150 ml vegetable oil (plus some for greasing)
250 grams caster sugar
1 ½ teaspoons vanilla extract
zest of ½ unwaxed lemon
175 grams plain flour
75 grams cornflour
1 teaspoon icing sugar (to serve)
This cake best in a ring shape, ciambella (pronounced “chambella”) as it’s known in Italy, and a 22cm/9-inch savarin or ring mould is a fairly standard baking tin here in the UK, too, but do use a 22 or 23cm/9-inch springform tin if that’s easier for you: the cake won’t be as high, but don’t use a smaller diameter because, without the hole in the middle, the cake wouldn’t cook properly in the centre if the tin were any deeper.
- Preheat the oven to 180°C/gas mark 4/350°F, and grease your ring mould (or springform tin); you can use vegetable oil for this or a special baking spray.
- Separate the eggs and put the whites in one bowl and the yolks in another. Whisk the whites until you have firm peaks, then set aside while you get on with the rest of the cake.
- Scrape the yogurt out of its pot and on to the egg yolks, then use the emptied yogurt pot to measure out your other ingredients – so, next, add 2 pots (just) of sugar and whisk with the egg yolks and yogurt until airy and light.
- Now fill your yogurt pot up with vegetable oil and, beating all the while, slowly add this to the egg yolk mixture. Then beat in 2 capfuls/teaspoons of vanilla extract and the zest of half a lemon.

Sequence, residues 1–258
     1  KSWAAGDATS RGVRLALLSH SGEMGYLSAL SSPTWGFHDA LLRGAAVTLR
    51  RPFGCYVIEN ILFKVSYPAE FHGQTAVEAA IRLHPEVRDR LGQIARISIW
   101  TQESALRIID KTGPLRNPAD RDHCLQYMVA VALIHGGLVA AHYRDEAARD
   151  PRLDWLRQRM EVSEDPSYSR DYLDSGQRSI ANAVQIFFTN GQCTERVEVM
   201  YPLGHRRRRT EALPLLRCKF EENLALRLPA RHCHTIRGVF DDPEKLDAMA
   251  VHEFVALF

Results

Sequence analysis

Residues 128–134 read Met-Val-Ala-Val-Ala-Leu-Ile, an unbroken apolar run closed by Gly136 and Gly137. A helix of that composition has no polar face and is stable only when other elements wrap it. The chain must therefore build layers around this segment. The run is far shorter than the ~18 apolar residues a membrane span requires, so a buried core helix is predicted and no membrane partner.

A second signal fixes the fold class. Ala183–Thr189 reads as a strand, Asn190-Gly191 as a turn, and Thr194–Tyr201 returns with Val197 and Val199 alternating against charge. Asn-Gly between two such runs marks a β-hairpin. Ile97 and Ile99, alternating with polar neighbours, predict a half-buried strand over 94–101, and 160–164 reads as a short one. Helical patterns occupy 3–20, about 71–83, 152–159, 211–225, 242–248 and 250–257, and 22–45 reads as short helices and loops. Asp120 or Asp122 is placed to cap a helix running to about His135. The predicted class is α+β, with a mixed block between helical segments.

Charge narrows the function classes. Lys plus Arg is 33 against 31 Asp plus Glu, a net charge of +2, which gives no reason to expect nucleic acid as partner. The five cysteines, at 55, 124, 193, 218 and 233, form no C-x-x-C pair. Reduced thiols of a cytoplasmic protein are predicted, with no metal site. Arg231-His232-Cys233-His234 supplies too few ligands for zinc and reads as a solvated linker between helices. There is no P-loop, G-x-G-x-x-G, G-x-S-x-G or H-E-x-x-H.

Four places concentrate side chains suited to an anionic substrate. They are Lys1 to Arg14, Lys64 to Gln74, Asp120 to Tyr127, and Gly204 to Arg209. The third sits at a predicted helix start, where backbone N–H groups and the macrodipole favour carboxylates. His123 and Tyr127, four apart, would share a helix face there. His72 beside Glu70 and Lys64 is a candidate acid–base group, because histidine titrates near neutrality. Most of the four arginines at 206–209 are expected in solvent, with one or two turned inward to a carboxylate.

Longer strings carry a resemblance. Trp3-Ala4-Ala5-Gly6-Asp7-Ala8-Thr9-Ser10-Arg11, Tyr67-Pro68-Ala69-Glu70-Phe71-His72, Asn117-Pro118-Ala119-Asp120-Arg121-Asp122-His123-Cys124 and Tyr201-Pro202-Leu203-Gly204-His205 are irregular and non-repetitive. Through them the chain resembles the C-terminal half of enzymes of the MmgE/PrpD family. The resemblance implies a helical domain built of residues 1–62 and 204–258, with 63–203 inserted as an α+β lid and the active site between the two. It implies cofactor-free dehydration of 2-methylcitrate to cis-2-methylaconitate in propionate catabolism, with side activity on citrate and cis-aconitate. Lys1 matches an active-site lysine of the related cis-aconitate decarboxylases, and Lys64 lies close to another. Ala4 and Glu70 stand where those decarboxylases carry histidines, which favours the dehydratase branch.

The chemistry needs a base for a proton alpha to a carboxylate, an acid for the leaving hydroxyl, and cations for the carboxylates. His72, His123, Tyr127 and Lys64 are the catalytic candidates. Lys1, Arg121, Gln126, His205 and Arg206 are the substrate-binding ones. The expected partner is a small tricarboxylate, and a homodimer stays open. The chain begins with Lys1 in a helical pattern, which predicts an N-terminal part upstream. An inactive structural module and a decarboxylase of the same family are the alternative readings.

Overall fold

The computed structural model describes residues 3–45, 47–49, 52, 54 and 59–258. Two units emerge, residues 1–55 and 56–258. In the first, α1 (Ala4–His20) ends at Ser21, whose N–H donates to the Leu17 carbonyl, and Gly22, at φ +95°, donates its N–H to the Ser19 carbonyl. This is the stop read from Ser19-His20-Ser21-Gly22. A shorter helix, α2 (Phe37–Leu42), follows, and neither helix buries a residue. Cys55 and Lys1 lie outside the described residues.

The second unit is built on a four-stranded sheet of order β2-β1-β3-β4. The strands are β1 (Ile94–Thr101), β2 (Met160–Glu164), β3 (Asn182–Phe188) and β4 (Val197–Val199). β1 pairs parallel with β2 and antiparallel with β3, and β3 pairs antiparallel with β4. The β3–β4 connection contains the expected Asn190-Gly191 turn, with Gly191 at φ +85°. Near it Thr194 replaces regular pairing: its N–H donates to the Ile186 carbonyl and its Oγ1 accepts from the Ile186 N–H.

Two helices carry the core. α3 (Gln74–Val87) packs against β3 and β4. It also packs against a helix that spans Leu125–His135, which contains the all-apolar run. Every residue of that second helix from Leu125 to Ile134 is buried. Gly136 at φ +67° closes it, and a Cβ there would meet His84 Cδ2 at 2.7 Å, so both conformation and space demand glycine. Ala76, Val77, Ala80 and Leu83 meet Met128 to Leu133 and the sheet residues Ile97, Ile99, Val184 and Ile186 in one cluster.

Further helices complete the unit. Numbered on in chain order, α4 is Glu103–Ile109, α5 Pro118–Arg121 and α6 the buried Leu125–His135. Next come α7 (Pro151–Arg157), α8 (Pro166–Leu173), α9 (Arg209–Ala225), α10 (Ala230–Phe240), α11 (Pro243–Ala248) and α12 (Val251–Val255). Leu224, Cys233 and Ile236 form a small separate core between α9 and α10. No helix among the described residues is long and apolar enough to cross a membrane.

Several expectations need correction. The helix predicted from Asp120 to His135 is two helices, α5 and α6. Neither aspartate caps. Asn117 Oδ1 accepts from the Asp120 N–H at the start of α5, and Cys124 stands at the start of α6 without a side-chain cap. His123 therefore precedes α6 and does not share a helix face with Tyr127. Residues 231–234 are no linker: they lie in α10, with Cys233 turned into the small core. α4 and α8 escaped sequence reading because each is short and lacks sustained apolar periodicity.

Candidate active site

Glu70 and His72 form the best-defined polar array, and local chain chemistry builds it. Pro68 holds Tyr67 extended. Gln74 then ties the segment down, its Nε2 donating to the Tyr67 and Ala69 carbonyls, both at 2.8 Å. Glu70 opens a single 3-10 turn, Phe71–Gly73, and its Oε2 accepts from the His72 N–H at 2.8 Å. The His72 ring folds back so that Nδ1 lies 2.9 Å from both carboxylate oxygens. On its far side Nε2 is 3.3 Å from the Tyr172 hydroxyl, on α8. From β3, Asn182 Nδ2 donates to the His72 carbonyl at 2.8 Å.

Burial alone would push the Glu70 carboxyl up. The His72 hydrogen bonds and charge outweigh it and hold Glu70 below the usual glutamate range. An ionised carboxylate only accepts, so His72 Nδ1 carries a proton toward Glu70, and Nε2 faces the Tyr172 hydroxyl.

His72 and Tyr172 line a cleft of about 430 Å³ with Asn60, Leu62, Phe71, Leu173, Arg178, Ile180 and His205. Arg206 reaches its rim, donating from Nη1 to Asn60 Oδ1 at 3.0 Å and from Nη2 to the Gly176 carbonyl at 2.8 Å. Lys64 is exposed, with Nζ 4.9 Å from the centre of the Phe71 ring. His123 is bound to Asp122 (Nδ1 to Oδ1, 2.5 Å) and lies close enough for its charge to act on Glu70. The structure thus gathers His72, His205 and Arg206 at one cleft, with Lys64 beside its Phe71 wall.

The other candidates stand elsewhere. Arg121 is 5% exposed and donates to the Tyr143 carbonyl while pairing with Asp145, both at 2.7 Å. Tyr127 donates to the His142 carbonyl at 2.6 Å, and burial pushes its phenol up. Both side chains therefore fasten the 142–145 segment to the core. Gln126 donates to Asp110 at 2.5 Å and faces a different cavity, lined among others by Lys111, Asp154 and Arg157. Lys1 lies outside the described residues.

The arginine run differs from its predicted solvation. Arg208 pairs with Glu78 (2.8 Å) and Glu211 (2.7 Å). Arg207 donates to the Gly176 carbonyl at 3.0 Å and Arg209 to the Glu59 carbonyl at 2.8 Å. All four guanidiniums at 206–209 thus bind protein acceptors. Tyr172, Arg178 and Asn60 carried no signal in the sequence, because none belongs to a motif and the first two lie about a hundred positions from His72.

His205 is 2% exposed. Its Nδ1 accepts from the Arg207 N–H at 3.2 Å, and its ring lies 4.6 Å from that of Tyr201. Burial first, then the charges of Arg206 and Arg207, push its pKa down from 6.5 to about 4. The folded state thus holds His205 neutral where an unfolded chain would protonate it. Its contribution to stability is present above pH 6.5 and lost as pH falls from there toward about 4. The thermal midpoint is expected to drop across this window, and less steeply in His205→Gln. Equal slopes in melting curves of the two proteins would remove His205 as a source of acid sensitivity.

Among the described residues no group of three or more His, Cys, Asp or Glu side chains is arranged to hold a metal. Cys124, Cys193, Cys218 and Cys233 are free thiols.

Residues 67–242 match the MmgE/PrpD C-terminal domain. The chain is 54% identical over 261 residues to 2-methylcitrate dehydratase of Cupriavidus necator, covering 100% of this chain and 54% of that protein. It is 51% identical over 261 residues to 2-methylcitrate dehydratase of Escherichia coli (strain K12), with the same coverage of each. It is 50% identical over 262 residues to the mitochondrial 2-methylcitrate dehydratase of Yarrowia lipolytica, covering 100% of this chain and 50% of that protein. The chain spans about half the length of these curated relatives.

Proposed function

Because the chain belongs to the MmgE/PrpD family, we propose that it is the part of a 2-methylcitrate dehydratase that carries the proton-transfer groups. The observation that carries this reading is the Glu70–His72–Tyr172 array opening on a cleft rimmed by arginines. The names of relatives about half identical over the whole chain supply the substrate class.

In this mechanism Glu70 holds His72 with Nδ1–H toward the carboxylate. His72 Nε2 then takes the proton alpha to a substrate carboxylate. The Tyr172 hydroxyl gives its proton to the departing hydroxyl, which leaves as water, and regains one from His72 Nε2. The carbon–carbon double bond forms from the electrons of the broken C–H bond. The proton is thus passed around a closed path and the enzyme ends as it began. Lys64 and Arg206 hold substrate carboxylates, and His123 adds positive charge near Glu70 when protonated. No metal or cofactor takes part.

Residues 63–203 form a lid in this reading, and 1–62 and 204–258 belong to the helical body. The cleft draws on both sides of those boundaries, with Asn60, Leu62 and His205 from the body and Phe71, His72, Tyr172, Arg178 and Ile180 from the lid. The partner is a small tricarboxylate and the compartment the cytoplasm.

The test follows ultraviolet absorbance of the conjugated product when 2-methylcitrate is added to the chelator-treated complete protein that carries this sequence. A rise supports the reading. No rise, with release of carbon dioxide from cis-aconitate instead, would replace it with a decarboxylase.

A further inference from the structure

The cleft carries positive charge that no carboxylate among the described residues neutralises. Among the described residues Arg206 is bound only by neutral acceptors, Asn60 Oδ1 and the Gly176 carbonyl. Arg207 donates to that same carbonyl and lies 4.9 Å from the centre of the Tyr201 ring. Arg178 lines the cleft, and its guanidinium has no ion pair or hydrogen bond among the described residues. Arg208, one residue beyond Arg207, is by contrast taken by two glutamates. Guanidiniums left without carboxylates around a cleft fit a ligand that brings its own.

- Still beating, add 2 yogurt potfuls of flour followed by 1 yogurt potful of cornflour or potato starch, then scrape down and fold in with a rubber or silicone spatula. Now, with a large metal spoon, dollop in the whisked egg whites, and fold them in with the spatula.
- Fill the prepared ring mould with the smooth, soft batter – it will come right to the top – and bake in the oven for 30–35 minutes; when cooked, the sides will be coming away at the edges and a cake tester will come out clean.
- Remove it from the oven to a wire rack, letting the cake sit in the tin for 10 minutes before turning it out.
- Once cooled (although I love this still slightly warm), transfer it to a serving plate or stand and dust with icing sugar. Traditionally, this cake would be placed on the plate with the smooth side uppermost, but I rather like it turned back up the way it was baked, with its rustic cracks and uneven surface visible.